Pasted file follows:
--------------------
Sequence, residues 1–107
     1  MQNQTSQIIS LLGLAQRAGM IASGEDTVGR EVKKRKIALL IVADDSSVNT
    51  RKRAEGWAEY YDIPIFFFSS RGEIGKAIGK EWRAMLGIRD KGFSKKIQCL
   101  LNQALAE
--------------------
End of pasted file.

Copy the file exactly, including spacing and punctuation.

Sequence, residues 1–107
     1  MQNQTSQIIS LLGLAQRAGM IASGEDTVGR EVKKRKIALL IVADDSSVNT
    51  RKRAEGWAEY YDIPIFFFSS RGEIGKAIGK EWRAMLGIRD KGFSKKIQCL
   101  LNQALAE